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Your Vote Matters

Estherville News Editorial

January 6, 2016
Estherville News Staff , Estherville News

We can't do it the easy way in Iowa, just show up at a primary election, step into the voting booth and submit our votes. I think it's as penance for being First in the Nation that we have this process called the caucus. This year it happens Feb. 1.?Difficult for those in other states to understand, it's even difficult for Iowa voters since we only do it every four years. ?This is the first thing to understand: even if you abhor party politics, you have to choose a party affiliation in order to caucus. In each precinct, you gather with fellow members of the Republican or Democratic party and elect delegates to the 99 county conventions as well as choosing the candidate for the party's nomination. ?Each caucus in the county sends a certain number of delegates, based on the population it represents. At the county convention, they choose delegates to the state convention, and those delegates choose the delegates that go to the national convention.

On the Republican side, choosing the precinct's presidential nominee is done with a straw vote of those attending the caucus. Sometimes it's completed by a show of hands or by dividing themselves into groups according to candidate. ?

Democrats make it harder. Registered Democrats meet at the precinct location and supporters for each candidate are allowed to make their case. This is how you actually caucus. Traditionally, caucusing for a certain candidate means you go and voice your support for that candidate on caucus night. ?Then it's cluster time. A cluster here for one candidate, a cluster here for another, and still undecided voters also have a cluster. For any cluster to be viable, they must have a certain percentage of all the caucus participants. If there aren't enough people, that cluster disbands and its members join one of the other groups, kind of like a game of Red Rover in which, if you're captured, you join the other team. ?Then it becomes a numbers game. The percentage cut-off is determined by the number of delegates assigned to the precinct. ?Once the groups are settled, the next order of business is to figure out how many of that precinct's delegates each group (and by extension, each candidate) should win.? That's right: the popular vote at the caucus does not necessarily equal the number of delegates each candidate will gain at the state convention, though delegates often feel the moral obligation to represent the will of the caucus goers at the convention. ?We can't emphasize enough how important it is to register to vote and to attend the caucus.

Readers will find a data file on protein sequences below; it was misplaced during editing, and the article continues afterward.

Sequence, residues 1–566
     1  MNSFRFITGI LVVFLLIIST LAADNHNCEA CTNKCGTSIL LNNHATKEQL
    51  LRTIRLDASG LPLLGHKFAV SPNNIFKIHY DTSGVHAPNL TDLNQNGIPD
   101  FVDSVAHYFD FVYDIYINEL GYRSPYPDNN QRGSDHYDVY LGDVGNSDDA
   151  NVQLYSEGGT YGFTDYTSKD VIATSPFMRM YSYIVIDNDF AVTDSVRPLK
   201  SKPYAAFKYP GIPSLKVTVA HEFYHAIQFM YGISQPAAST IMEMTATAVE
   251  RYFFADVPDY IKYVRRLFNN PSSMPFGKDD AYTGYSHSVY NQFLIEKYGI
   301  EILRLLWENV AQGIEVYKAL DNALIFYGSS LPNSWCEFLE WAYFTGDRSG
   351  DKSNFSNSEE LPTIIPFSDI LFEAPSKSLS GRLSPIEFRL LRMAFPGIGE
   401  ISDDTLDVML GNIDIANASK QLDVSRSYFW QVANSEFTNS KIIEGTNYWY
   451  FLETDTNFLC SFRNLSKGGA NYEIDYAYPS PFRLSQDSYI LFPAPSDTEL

Ultimately, your vote counts, and staying home and declining to participate means your voice is silenced. If you have any preference for which candidate is nominated from your chosen party, you can make a difference. Rick Santorum beat Mitt Romney in Iowa in 2012 by a razor-thin margin. Often, the Iowa caucus is a valuable early indicator of who has popular support and who might soon drop out of the race.

Your vote matters. If you don't like the way things are or the way things might become in Washington, DC, show your face, lend your voice, and be part of the first vote for President of the United States.



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